Reviews

The Sandman, Vol. 8: World's End, by Neil Gaiman

smjw86's review against another edition

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adventurous dark emotional mysterious fast-paced
  • Plot- or character-driven? Plot
  • Strong character development? Yes
  • Loveable characters? Yes
  • Diverse cast of characters? Yes
  • Flaws of characters a main focus? It's complicated

5.0

rashi's review against another edition

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adventurous reflective medium-paced
  • Plot- or character-driven? Plot
  • Strong character development? It's complicated
  • Loveable characters? N/A
  • Diverse cast of characters? N/A
  • Flaws of characters a main focus? No

4.0

yoyology's review against another edition

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4.0

This is not the first time I've read World's End, but it's the first time without reading all the other Sandman volumes first. Surprised how well it stands alone.

literary_princess's review against another edition

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4.0

I love the Chaucer-ness of this book. I love when writers play with craft to create stories within stories within stories that allude to other stories and hint at yet other stories.

Also, the illustrations in this volume were very comic strip-like, which is an interesting change from some of the other Sandman volumes I've been reading.

This is an incredible series. There's not really much more to say about it.

lynnelovesbooks's review against another edition

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5.0

I just love Neil Gaiman and "The Sandman" series so, so much.

pjmurphy3's review against another edition

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5.0

Again a great addition into the Sandman Chronicles. The different stories were compelling interesting. The different styles of of artwork were great and really made these stories much more clear. I really liked the story of The Golden Boy because it really emphasize some of the things are going on politically in our country. With the ending that it was interested to see what happens in the next books, so I will continue to read.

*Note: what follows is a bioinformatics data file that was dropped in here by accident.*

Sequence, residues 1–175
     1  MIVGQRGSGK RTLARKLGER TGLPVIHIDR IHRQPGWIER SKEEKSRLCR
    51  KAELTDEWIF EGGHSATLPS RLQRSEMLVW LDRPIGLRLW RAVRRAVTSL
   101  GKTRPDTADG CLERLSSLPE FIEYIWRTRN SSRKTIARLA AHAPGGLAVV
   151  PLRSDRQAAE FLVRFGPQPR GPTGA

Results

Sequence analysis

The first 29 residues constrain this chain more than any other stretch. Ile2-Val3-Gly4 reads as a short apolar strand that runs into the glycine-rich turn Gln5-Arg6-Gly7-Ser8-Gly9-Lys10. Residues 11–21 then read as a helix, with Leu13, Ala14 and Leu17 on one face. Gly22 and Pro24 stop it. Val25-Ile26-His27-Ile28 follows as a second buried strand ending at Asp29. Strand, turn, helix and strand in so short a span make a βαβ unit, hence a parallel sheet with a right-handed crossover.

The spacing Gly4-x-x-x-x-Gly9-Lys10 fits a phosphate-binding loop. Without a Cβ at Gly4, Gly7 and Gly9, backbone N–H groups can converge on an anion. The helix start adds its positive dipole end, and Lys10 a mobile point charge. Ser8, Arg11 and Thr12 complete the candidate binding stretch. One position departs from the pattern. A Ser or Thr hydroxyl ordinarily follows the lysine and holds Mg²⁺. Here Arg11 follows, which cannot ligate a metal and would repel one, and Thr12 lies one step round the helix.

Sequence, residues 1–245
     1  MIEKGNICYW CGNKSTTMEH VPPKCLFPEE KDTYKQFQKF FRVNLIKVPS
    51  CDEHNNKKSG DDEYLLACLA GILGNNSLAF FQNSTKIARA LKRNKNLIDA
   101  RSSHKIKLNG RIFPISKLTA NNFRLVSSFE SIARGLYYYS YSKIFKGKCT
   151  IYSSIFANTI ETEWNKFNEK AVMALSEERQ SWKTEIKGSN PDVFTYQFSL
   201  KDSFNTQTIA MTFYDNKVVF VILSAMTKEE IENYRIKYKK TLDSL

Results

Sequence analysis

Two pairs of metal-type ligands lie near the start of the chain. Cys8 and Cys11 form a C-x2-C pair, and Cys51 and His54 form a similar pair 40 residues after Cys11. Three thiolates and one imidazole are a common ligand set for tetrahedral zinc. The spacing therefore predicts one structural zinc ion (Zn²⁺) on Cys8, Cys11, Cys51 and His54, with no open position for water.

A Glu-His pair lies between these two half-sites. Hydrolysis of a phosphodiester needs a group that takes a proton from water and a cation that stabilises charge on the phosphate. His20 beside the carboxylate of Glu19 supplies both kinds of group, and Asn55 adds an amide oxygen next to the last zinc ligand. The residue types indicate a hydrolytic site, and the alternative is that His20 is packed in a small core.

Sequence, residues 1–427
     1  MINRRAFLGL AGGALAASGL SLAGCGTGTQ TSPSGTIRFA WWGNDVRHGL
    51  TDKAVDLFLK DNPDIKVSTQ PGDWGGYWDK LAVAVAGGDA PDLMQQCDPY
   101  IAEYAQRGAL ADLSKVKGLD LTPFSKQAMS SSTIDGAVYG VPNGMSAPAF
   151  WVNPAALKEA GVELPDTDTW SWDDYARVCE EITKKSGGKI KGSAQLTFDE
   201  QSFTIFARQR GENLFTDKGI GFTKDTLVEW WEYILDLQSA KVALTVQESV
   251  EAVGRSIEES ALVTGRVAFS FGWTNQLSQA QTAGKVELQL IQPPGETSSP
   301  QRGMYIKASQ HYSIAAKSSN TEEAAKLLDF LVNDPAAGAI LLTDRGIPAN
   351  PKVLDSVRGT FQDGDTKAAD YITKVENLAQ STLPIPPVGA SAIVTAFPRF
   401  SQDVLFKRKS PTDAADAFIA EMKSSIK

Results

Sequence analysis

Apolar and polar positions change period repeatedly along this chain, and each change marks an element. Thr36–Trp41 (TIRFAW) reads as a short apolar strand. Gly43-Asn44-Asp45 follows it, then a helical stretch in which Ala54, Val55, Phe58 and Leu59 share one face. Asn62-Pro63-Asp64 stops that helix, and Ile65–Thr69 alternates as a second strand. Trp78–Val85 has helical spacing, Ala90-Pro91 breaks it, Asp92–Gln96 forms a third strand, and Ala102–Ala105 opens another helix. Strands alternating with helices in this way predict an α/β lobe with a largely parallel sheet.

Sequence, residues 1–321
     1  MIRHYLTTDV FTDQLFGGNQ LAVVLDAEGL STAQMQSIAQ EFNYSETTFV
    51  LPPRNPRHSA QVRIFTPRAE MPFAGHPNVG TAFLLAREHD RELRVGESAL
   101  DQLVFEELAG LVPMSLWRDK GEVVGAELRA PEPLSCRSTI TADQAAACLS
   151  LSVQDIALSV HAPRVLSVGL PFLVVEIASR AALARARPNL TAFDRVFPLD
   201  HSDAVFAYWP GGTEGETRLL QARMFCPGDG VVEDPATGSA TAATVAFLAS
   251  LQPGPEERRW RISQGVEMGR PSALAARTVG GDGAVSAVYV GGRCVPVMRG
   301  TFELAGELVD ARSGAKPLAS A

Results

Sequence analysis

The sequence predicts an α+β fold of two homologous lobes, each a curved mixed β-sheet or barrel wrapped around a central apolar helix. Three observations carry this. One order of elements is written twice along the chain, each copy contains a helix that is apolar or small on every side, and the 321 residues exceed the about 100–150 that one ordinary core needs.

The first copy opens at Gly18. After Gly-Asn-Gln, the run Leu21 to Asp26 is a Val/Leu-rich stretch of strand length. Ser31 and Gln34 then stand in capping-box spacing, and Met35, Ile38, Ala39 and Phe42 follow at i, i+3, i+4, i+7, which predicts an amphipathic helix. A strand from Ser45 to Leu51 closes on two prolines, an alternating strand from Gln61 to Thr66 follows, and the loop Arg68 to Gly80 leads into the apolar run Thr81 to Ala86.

trish204's review against another edition

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5.0

This 8th volume in the series was full of stories. Stories told by different people from different worlds and realms being stranded in the Inn at the End of the Worlds.

A storm has swept through the realities, thus also landing co-workers-on-a-roadtrip Charlene and Brent at the inn (with the help of a hedgehog), where many creatures managed to find refuge in the inn and now they all need to kill time until the storm is over.

The stories told to do just that tell of sea serpents, girls trying to pass as boys on ships, the trade of burying bodies, politics involving faeries, a perfect president for (one version of) the USA and much more. All the stories are linked by the people who experienced the events and some eternals having been involved, too. And then there is the whole reason for the storm taking place that made me shudder (
SpoilerI repsume the dead Eternal is Morpheus
- I was wondering if this would happen and I guess I have my answer now so all there is to find out is how and if it's gonna be permanent)!

The art in this volume often matched the kind of surroundings the reader was in - so it was gritty and "edgy" for the story about the Nekropolis while it was much prettier for the story about Titania's mission for Cluracan.




The art style I liked best came in the end for the grand finale:


There were a few moments while reading this volume when I wondered if Gaiman w as referencing other well-known authors and their works. Such as Douglas Adams regarding the inn itself and Watchmen with Boss-Smiley.

Once again, a deeply immersive tale with lots of layers. One has to pay close attention to pick up the clues (important for issues and volumes to come) and it's that crisp and intelligent writing I love so much about this series.

storyorc's review

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adventurous mysterious reflective sad slow-paced
  • Plot- or character-driven? Plot
  • Strong character development? No
  • Loveable characters? Yes
  • Diverse cast of characters? It's complicated
  • Flaws of characters a main focus? N/A

3.5

tee_tuhm's review against another edition

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5.0

This is why I love and read this series. Major storytelling volume. With the most moving funeral scene I've ever seen.